Phantom 9 Racing Sets a Rebuild Course


Rewind. It’s early July at one of the biggest races on the Super Boat International circuit—the Suncoast Offshore Grand Prix—which draws top teams from around the planet. For Superboat Vee Class contenders Mark Niemann and Kurt Jagel, racing at this Sarasota venue added highly-fueled ingredients to an already competitive mix: winning back-to-back wins in Niemann’s hometown, as well as garnering consecutive National championships.

The day was designed for racing as Niemann and Jagel took the green flag, powered their Phantom 9 Racing ahead and within minutes into the first round, grabbed a commanding 10 second lead over one of the most competitive classes on the course.

They were running hard and according to owner/driver Mark Niemann they were “perfectly dialed in.” Then Niemann said “a split second” changed everything and  dramatically shifted their course from racing to rebuilding. The photos and video are worth far more than a 1,000 words as they capture the 30’ Phantom Speedster blasting through a series of waves as its outdrive transom plate broke, then the drive snapped to the left and knocked-off the trim tab.

Throttleman Kurt Jagel described it this way, “it was a little bouncy going through the dog leg, so I pulled back on the throttles a little and went full throttle coming out. Then, we were starting to go sideways…we have done this before, so it wasn’t alarming. But then it became pretty clear this was going to be different. We went upside down and came down on my side [of the boat). It was like a stick of dynamite blew up in front of me. The boat popped right side up and I grabbed my regulator, but I didn’t need it…my side of the boat was gone.” Miraculously, both escaped with minor injuries and “at the end of the day, the boat took the damage…we didn’t.”

However, both credit extra-mile safety efforts borrowed from Mark Niemann’s Union Internationale Motonautique (UIM) racing experience for their minimal injuries. “We spent a lot of money on safety i.e., the Momo seats in the boat, special brackets that hold the seats in place,” Niemann said.

“We do safety our way. It was the safety aspects that got us through the crash,” Jagel echoed. “The seats were structural and protected our bodies almost like a helmet. They did a great job of keeping our bodies in line, where they should be. The driving suits definitely helped us out by protecting us from shredded fiberglass and fuel in the water. I think all those things added up and it tells a pretty impressive story.”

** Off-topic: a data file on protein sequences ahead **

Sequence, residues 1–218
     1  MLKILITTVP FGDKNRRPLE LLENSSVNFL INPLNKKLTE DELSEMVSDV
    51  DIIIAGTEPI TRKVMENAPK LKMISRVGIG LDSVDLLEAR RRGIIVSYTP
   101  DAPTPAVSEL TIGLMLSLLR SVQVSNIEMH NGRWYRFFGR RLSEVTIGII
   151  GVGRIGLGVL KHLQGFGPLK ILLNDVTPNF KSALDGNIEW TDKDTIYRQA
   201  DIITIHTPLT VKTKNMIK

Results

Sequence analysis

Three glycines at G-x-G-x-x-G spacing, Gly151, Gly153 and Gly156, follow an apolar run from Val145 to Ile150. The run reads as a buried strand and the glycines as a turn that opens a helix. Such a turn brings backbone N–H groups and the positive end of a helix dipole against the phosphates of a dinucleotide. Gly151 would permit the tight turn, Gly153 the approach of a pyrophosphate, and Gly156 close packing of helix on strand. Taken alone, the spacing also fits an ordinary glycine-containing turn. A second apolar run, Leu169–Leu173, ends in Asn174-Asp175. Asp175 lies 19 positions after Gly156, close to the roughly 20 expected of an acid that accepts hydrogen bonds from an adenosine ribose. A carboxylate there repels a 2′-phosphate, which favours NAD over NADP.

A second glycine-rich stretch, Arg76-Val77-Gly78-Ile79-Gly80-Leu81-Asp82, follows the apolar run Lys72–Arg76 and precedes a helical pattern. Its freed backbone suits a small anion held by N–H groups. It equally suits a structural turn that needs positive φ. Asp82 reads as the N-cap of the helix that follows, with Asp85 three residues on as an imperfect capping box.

Flash forward. Still bruised and sore, Jagel talked to me last week about the disappointment factor that’s really settled in. “We were ready for this race. Mark was reading the water real well and I found a really good rhythm on the throttles…we were in sync. We are competitors and to lose when we were doing so well was difficult. We really lost our shot at retaining the national championship.”

While the crash put the skids to their national points chase this season, it wasn’t enough to knock them totally out of the racing game. “It’s our passion and commitment to the sport,” Niemann said. “It’s a big part of our lives…for me, my wife Kim, and Kurt. It’s like a virus.” The team’s next move: generate much needed dollars to launch a racing to rebuild campaign. “Nothing is designed to land upside down at 85 mph. It was a pretty violent crash, but the complete hull is in tact.”

Following a successful fund-raising party held at his boat service shop (Marker 1 Marine), Mark Niemann is overwhelmed with the show of support from fans and friends. “It was amazing,” he said of “people donating parts, Nor-Tech providing a big donation of fiberglass and resin. For me, it was a question…should I be embarrassed or should I be proud?  It was hard to explain … it’s really touching, we all appreciate it. Every single penny will go back into the race boat. If there is any money left over, I’ll be giving it to Lucy [Nicandri]for the Suncoast Children’s Charity.”

Now their go-forward story reads getting back into racing as soon as they possibly can.

“The boat is on a trailer at my shop,” Niemann explained. “We’re working with Phantom and they’re prepping the mold and starting fiberglass on the new deck early this week. If everything goes as planned we’ll try a practice session at Clearwater.” Then it’s either to Key West or Qatar “depending upon eligibility for Superboat Vee Class racing at the Qatar Cup in January.”

Photos Courtesy: Cole McGowan / Phantom 9 Public Relations

Bobbye Miller Kenyon’s high performance articles have appeared in
Hot Boat Magazine, along with fast-paced marine industry news in her Hot Sheet Column from 1997 – 2008. Her company, Offshore Public Relations, is a multi-faceted firm that has represented marine industry leaders and champions of the offshore racing arena. A native Miamian, she enjoys boating off the Florida Keys waters of Key Largo to Islamorada and the lakes of the Kentucky countryside.



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